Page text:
By SYLVIA TAN MOH SZE
“Study hard, do your homework, get good grades, and only then can you get into a good university and get a good job” – this was the message ingrained in me by my parents ever since I learnt how to read. I was also told that hard work and determination would get me to the heights of success. I would not wholly deny its truth, but in order to achieve one’s dreams, I believe that luck and the flexibility to adapt to the most feasible route play important roles as well.
In the first few months after SPM, I was confused. Opened up to a surfeit of tertiary education options but limited financial capability, I was partially torn between studying somewhere inexpensive and studying where my friends were. Taking all of those factors into account, I applied for a plethora of scholarships.
Initially, I did not get any of the scholarships that I applied for, and since Form Six was not an option I wanted to explore, I enrolled into Kolej Tunku Abdul Rahman under its Diploma in Accounting programme, which offered me a tuition fee waiver with my SPM results. I decided I would then continue with an Advanced Diploma in Commerce (Management Accounting-cum-CIMA).
Roughly one month into KTAR, I was informed that my appeal for the Public Service Department scholarship was a success. For the PSD application, I decided on Actuarial Mathematics because I had taken enough Science classes in high school to last me a lifetime. I was never good at Physics, so I opted out of Engineering. I also have no affinity with Arts, which left me with Business or Mathematics. I could not apply to study Business because during that year, Commerce or Economics in SPM was a requirement, both of which I did not take. I am not excellent in Math, but I managed to get by.
I was selected to complete the American Credit Transfer Programme at the International Education Center (INTEC) at Shah Alam, Selangor. For the one and a half years that I was there, I took several introductory classes in addition to the necessary US college admissions examinations like SAT and TOEFL. Somewhere in September 2007, I applied and was accepted for the Winter 2008 (January) intake at the University of Michigan, Ann Arbor, Michigan.
Three full semesters have passed since I arrived here at this campus town to continue my tertiary education. I am grateful to be given the chance to experience the differences between our British-based education system and the American equivalent. Here, we have the flexibility to pick our classes and arrange our own schedule. It can be liberating yet at the same time confusing.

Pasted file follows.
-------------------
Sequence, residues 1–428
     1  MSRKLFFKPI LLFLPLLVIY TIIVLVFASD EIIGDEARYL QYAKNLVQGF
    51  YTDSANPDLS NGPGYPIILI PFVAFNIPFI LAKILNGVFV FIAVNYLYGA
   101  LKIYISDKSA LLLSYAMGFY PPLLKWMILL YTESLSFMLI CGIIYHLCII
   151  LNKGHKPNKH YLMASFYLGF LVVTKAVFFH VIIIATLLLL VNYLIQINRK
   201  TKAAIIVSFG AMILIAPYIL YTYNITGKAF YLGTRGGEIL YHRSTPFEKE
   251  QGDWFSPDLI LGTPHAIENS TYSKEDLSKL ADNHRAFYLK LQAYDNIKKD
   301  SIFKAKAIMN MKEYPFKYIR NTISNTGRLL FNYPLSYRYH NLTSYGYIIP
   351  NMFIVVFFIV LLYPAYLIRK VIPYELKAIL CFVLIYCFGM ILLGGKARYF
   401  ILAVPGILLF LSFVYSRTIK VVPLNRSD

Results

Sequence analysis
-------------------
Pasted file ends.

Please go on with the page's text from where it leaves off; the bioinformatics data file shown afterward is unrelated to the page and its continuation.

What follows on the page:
For example, I take core classes like Financial Mathematics and Life Contingencies for my major, alongside my distribution requirements like Humanities and Natural Sciences.
Since the university has a large number of international students, I do not really feel like an outsider. It is also easy to get involved with campus activities as there are about a thousand student organisations under the university to choose from. I am particularly involved in volunteering activities like the Detroit Partnership Day and the Alternative Spring Break Programme come next Fall.
On the other side of the spectrum, homesickness tops the list of the cons. This comes from being an ocean apart from loved ones and the lack of authentic Asian food around. The weather can also get really cold, sometimes to as low as -15 degree Celsius in the winter. Grading for the exams here are also cumulative, so your performance during midterms will affect your overall grade for that subject.
If you were to do badly in your first midterm, you will have to work a lot more for your second midterm and finals in order to bring your grades up again.
Studying overseas has taught me a lot of things and changed me in many ways. It made me realise how important it is to have my family and friends’ support because without them, I would not have survived the first month here.
It is also important to be able to stand up again no matter how many times you fall. Academic competitions are challenging; you need to be able to hold onto your goals and not get affected by how well others are doing in comparison. I believe this applies to you wherever you are studying, locally or overseas.
As Zig Ziglar puts it:
It is your attitude, not your aptitude that determines your altitude.
Slyvia Tan Moh Sze is currently pursuing her undergraduate degree in Actuarial Mathematics at the University of Michigan, US, under the PSD scholarship. She enjoys reading, writing, and travelling whenever possible. Her current favorite Ben n Jerry’s ice cream flavour is Phish Food.
Note: The above entry was written in 2010 for What’s After SPM?, published in 2011. This non-for-profit book project is a collaboration between Leaderonomics and a team of young Malaysians. Click here for details on the project and authors.
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